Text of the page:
Denbow Thatch

Eudo, Philip and William Denebaud are mentioned early in the 13th century.[6] Other Denebauds appear in the Curia Regis Rolls, the Close Rolls and the Patent Rolls. These were documents sent out by the king. Close Rolls were sealed. Patent Rolls were open, but had a seal attached.

The Denbow newsletter also tells us:

The story begins in the reign of Richard I (Lion Heart) who ruled from1180-1199. A man named Radulfus Denebaud died at this time. In the year 1211Radulfus’ son, Eudo Deneboud, began a series of disputes over the rights to tenancy and obligations to pay taxes (a quarter of a knight’s fee, or the amount needed to support a knight in armor for a year). This property was in a place called Middleton, Somerset Co. in southern England. Disputes were still being heard in l220 because it would appear that heirs were liable for the debts of their deceased elders and relatives.

“To get a flavor for the times, let’s peek in on the conclusion of this affair:


Curia Regis Roll, 72. Hilary term. 4

Henry III. Somerset, year 1220.

“The court convened to determine if Radulfus Denebaud the uncle of Robert Denebaud was in legal possession of his tenancy as regards the fee for the farm estate at Middleton with appurtenances on the day he died, [over 20 years earlier during the reign of Richard I]. This being land which Alfred de Bendevill holds. He came and said that the court ought not to be held on this matter since a final agreement had been made between Alfred de Bendevill, the father of Alfred himself, and Eudo Denebaud about this same piece of land [as reported in Curia Regis Rolls 58, for the year 1214]. Then he showed the deed which stated that the same Eudo the tenant recognized that the land was legally that of Alfred himself and he returned it to him and sought waiving of claims for himself and for his heirs from Alfred himself, etc. for 10 marks [about 6 Pounds]; whence it seems to him that the court ought not to have been held about this matter.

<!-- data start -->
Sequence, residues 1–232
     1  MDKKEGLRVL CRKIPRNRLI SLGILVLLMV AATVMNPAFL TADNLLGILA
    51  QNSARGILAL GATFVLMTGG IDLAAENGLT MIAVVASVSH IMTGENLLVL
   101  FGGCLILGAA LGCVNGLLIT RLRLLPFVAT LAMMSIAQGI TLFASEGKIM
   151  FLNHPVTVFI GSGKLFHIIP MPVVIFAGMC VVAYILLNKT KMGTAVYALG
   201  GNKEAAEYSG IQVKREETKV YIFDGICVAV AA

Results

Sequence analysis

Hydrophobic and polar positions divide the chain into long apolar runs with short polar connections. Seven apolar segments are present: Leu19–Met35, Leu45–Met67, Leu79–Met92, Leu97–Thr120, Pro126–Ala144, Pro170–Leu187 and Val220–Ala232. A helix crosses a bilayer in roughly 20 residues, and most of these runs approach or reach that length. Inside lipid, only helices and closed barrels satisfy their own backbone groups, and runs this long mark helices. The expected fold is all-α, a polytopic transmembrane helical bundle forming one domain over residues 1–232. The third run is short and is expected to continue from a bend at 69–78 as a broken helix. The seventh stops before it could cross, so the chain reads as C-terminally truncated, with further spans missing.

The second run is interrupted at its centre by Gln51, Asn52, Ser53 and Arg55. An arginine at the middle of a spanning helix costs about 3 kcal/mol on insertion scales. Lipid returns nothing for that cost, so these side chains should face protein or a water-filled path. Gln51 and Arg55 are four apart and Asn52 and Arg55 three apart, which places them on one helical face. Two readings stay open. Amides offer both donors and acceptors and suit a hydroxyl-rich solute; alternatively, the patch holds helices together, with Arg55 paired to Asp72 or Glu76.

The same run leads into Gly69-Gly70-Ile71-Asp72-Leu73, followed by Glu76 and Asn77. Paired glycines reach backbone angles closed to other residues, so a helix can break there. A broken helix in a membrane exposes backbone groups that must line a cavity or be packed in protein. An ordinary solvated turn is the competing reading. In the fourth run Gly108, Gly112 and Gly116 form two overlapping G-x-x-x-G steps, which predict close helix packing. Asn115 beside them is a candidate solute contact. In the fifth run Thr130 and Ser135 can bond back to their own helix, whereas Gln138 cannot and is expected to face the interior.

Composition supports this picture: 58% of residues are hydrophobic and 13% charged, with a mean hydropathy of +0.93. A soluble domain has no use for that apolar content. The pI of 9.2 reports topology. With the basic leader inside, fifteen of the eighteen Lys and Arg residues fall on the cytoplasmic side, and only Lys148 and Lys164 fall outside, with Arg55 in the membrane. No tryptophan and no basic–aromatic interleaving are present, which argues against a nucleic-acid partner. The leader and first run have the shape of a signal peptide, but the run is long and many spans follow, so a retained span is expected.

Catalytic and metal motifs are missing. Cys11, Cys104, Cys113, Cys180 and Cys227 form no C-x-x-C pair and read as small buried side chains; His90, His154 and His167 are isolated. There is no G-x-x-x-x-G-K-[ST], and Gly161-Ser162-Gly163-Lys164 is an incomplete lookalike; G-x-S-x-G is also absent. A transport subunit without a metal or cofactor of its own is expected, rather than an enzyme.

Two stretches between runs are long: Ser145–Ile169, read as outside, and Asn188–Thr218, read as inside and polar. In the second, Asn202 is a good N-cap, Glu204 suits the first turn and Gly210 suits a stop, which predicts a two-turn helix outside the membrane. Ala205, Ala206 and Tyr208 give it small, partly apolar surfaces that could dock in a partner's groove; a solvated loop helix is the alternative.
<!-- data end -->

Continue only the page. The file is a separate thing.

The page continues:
And Robert said that deed ought not to work against him to keep the court from proceeding since he himself at that time was in Scotland [Pictavia]; and furthermore he himself claimed nothing on behalf of the afore-mentioned Eudo. And he produced a sufficient body of witnesses that he had then been in Scotland, namely at a place called Roche Armoines.”’

Radulfus and Eudo were certainly related to our earliest known Denebaud ancestor, Philip. But whether they were father and brother, uncle and cousin, or great-uncle and uncle, is not clear.

In John Burke and John Bernard Burke’s  Encyclopaedia of Heraldry or General Armory of England, Scotland, and Ireland, this description is given: “Denbaud, or Denband. Azure on a chief argent, a lion rampant, issuant gules.


[1] P.H. Reaney, A Dictionary of British Surnames (1958), p.93.
[2] Bo Selten, The Anglo-Saxon Heritage in Middle English Personal Names, 1100-1399,  p.73
[3] The Denbow Diaspora, Vol. 11. No. 2, Dec 2004.
[4] The Denbow Diaspora, Vol. 11. No. 2, Dec 2004. Photograph: Nick Denbow.
[5] The Denbow Diaspora, Vol. 5. No. 2.
[6] Reaney.




Sampson Tree